It is not that they are any “brainier” than the Oxbridge generalists. Often the Hedgies ended up doing science degrees precisely because they were less able. But they lucked in when the financial sector discovered derivatives (i.e. linking the price of one asset to another, and betting how they move against each other) in the 1990s and needed to recruit guys with maths degrees. Often from humble backgrounds, these geeks soon found themselves making fortunes. In the Noughties, they went further and simply took over the financial world. Now billionaires, they are bent on taking over British capitalism lock, stock and barrel.
As the City of London is still the place where all the cash is – and where financial regulation remains (contrary to the hype) superficial and niggardly – so the hedge funds have set up shop. Now the Hedgies have bought the Tory Party, Boris and the British government. They will demand – and receive – a reward.
NEIL WOODFORD DEBACLE
Which brings us to former darling of the City, Neil Woodford, who fell from grace earlier this year when he was forced to suspend his investment fund – once worth more than £10bn – after investors tried to take their money out when the value of the fund started to plummet. Woodford’s fund invested in assets that were difficult to sell off quickly, making it vulnerable when investors tried to withdraw their cash.
Woodford is another Del Boy financial trader from a non-Establishment background. In the Thatcher years and afterward, he earned a reputation as the UK’s most savvy investment manager. Success went to Woodford’s head and he set up his own investment fund in 2014. That fund has now gone kaput because Woodford invested in very long-term bets that did not deliver.
These included a large stake in a tech company called BenevolentAI. At one point, this company was valued at $2bn. When the value collapsed so did the value of Woolford’s investment on behalf of his clients. Founded in 2013, BenevolentAI aims to perfect data-mining software that can comb vast troves of medical data to “personalise drugs for the patients that benefit most from them”. In 2017, US pharmaceutical companies spent $71bn on developing new drugs. If that cost can be reduced by data mining, BenevolentAI could clean up.
Alas, BenevolentAI has spent a fortune and not come up with the right software. Thus, its share value plummeted, leaving Woodford having to close his fund – and Woolford’s investors lose their shirts. What has this got to do with hedge funds and Yan Huo’s Capula?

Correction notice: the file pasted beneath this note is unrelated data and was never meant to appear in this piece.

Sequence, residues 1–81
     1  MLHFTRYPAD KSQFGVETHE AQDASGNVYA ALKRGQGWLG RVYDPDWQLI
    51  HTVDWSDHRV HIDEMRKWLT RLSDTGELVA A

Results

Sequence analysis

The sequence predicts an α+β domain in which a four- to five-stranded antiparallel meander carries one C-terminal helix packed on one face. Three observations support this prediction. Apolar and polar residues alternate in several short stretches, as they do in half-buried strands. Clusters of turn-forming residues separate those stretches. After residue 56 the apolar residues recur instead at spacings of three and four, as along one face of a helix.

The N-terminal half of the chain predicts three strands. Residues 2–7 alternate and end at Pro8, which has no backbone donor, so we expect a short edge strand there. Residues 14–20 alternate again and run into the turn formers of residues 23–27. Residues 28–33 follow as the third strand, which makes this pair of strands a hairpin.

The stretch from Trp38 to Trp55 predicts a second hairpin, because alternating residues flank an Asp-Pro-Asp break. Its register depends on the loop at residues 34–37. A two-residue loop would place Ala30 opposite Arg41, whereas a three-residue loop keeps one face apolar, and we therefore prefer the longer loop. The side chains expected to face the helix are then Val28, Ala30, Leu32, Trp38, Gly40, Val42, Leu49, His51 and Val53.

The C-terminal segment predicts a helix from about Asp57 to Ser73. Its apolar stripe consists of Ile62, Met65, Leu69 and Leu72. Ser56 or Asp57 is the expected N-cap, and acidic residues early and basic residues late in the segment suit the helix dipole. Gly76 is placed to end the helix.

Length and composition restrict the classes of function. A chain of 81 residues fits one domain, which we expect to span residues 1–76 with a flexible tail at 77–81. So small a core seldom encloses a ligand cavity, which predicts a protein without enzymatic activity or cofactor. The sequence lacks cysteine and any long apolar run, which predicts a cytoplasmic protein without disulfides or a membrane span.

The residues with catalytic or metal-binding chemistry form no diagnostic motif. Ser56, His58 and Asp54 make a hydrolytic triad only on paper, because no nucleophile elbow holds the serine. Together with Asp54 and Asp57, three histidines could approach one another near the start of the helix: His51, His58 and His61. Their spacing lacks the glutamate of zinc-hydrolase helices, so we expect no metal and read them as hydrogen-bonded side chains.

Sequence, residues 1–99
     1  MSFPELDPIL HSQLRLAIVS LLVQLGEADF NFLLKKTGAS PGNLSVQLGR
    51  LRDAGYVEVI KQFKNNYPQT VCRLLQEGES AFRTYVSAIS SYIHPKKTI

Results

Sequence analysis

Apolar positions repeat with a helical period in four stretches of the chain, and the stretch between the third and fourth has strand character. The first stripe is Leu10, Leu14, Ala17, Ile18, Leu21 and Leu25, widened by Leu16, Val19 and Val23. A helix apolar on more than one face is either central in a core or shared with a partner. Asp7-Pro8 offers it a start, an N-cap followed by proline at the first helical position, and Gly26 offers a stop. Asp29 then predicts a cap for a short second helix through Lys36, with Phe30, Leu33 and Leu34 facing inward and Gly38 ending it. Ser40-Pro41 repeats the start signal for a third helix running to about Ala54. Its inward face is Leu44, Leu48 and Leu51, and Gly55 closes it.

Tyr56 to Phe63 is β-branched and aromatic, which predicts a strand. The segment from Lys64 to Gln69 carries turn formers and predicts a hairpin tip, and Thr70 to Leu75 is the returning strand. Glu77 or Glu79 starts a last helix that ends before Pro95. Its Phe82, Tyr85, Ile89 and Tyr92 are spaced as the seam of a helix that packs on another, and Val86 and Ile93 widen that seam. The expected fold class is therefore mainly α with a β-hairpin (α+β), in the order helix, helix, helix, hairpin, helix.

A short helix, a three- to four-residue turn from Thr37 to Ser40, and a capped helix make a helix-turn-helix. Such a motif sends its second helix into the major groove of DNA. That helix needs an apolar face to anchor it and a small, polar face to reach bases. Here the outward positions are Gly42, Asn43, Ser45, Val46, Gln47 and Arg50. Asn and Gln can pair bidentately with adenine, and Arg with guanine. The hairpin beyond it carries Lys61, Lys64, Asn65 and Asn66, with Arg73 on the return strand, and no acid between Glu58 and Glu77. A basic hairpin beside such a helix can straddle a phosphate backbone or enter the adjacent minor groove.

For a while, BenevolentAI seemed to be generating revenue – hence an insane market value of near $2bn. But all was not as it seemed – hence the fall of Mr Woodford. The supposed revenues of BenevolentAI were actually the revenues of companies it had purchased with paper shares. BevevolentAI had to keep on purchasing other firms in order to keep revenues seemingly growing, to keep its share price rising. (This is called capitalism.)
One of the firms acquired by BevevolentAI was another data-mining company called Adarga. Bristol-based Adarga focuses on software to huge quantities of data superfast – say if you only are only a few seconds ahead of the financial markets with proprietary information and you want to trade in the financial markets.
Companies like Adarga crave mathematical geniuses – so-called quants. One such is David Gu, formerly chief investment officer and partner at Yan Huo’s Capula hedge fund. In 2017, Mr Gu left Capula to become chair of Adarga. Gu graduated in computer science from Columbia University but made his fortune in trading currencies in London. He is the picture-perfect example of how hedge funds and big data are combining to take over the world – or at least the Tory Party.
EASE-DROPPING ON THE BANK
Lest you think I’m being a trifle paranoid consider this: The Bank of England has just admitted that an audio feed of Governor Mark Carney’s press conferences was leaked on a regular basis to London hedge funds prior to being publicly broadcast. The Bank said one of its technical suppliers had “misused” the feed, which is there as a fall-back in case the public video broadcast fails.
Result: hedge funds involved in the scam had enough pre-notice to use computer-driven, high-speed trading to make millions on currency, bond and share movements. But don’t expect the Hedgies’ friend in Number 10 to do very much about it.